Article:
Lottery could 
make us millions

A PIGGY BANK - PINK PIG.'BROKEN WITH MONEY SPILLING OUT OF IT.'FOR BUSINESS STORY IN SCOTLAND ON SUNDAY.'PENSIONS   INVESTMENTS SAVINGS'PIC PHIL WILKINSON / 'TSPL STAFF.
A PIGGY BANK - PINK PIG.'BROKEN WITH MONEY SPILLING OUT OF IT.'FOR BUSINESS STORY IN SCOTLAND ON SUNDAY.'PENSIONS INVESTMENTS SAVINGS'PIC PHIL WILKINSON / 'TSPL STAFF.

MILLIONS of pounds in extra funds could be channelled into Linlithgow in the next five years from the Heritage 
Lottery Fund (HLF).

The HLF has named West Lothian as a ‘priority area’ for 2013-18, and has already identified specific Linlithgow projects that could be eligible for extra funding and development support as a result of this prestigious status.

Potential HLF projects for Linlithgow include a Heritage Hub, the heritage trail, townscape heritage around the town, and Linlithgow
Palace.

Megan Combe, HLF development officer, said: “West Lothian has been selected as a new priority area for HLF as it has benefitted less from HLF funding in the past. As an important town in West Lothian, Linlithgow has an amazing history with its 
architecture, built heritage, collections, and traditions.

“HLF would like the communities of Linlithgow and West Lothian to take up this opportunity of support and is keen to hear from groups with heritage project ideas.”

There have already been 15 HLF cash awards made to West Lothian since 2001, totalling £4,450,500. Two of the biggest projects which benefitted from the money were Hopetoun Preservation Trust in 2002, which received £977,000, and the council’s Linlithgow Burgh Halls project in 2008, which benefitted from £772,500.

The news was welcomed this week by Stewart Ness, BID co-ordinator for Linlithgow. He said: “If there are funds available to improve the town as a visitor attraction this is great news, and a perfect example of where the BID project would want to source money from. It is good to let local groups know that this is available - we must make the most of the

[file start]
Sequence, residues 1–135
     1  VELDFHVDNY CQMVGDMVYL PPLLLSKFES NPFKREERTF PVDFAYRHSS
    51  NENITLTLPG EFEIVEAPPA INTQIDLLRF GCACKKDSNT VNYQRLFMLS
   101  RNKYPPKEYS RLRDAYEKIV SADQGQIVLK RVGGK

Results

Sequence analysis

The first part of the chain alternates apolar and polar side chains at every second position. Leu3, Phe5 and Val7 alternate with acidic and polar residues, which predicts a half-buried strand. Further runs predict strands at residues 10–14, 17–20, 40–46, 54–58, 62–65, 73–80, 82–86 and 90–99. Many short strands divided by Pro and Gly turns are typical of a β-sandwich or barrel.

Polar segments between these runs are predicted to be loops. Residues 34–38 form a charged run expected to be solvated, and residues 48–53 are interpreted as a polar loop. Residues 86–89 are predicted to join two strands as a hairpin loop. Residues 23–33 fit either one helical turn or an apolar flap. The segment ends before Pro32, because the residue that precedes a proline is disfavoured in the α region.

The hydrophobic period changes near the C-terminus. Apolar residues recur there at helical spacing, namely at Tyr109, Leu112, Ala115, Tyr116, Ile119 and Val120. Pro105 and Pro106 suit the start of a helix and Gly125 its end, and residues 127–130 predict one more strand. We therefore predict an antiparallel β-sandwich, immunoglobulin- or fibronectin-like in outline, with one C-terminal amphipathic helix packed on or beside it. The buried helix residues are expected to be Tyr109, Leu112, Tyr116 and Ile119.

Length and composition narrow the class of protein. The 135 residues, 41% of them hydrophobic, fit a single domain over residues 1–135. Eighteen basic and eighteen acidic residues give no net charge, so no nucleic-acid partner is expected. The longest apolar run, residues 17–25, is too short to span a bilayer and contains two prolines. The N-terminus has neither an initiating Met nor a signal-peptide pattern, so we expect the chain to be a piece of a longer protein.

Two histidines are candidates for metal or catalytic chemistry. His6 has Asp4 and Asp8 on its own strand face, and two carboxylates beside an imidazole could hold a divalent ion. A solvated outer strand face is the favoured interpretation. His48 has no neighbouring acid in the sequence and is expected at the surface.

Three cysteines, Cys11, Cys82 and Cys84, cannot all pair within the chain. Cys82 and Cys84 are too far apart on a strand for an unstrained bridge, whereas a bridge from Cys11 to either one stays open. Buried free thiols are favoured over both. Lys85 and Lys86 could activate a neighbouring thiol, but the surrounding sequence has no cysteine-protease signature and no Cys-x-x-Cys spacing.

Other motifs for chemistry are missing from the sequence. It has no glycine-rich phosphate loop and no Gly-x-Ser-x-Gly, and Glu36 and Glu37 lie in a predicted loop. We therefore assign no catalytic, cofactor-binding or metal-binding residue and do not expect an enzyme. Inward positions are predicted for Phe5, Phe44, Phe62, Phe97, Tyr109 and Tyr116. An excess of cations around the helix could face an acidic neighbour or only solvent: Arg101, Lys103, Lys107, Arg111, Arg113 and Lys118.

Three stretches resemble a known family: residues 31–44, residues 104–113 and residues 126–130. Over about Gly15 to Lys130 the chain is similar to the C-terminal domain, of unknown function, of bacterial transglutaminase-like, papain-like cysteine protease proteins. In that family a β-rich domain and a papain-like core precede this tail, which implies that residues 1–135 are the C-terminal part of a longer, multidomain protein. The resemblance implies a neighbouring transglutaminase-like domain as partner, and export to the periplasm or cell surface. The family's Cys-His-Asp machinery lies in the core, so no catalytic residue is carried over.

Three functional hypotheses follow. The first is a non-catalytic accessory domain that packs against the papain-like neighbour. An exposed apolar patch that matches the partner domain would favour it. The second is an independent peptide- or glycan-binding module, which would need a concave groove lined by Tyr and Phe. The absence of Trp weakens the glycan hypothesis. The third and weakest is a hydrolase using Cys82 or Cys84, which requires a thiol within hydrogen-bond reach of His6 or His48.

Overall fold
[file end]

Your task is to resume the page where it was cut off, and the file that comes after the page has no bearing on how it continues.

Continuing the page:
heritage of Linlithgow, and economically exploit it.”

The Linlithgow BID (Business Improvement District) is a partnership between West Lothian Council and local businesses to develop projects benefitting the town.

Alan Young at Annet House Museum meets tourists from all over the world visiting Linlithgow.

He said: “It goes without saying that this could be good for the town. The Heritage Hub could be a one stop shop for researching family history, and accessing the West Lothian archives with research rooms and offices. “Using the history in the town, we could create a heritage stream to get people into Linlithgow. This is bound to be a good thing.”

HLF’s budget for 2012-13 is £375m, and the Scottish 
allocation from this is around £13m, with a maximum 
individual grant of £2m. Up to £5m is also available from HLF’s central allocation to support individual projects. From past experience, gaining ‘priority status’ from the HLF appears to significantly increase the likelihood of 
getting at least one very large award.

Hopes are high that 
Linlithgow is well positioned to make the most of ‘priority status’ being given to West Lothian.

Linlithgow councillor Martyn Day said: “Linlithgow has a good shot at getting 
something for the local area.

“West Lothian is well placed to take advantage of this opportunity, and Linlithgow does better than the rest as a heritage base. It has good working groups and it can only be a good thing for the town.”

The HLF move was 
welcomed by the council’s culture and leisure scrutiny panel yesterday (Thursday).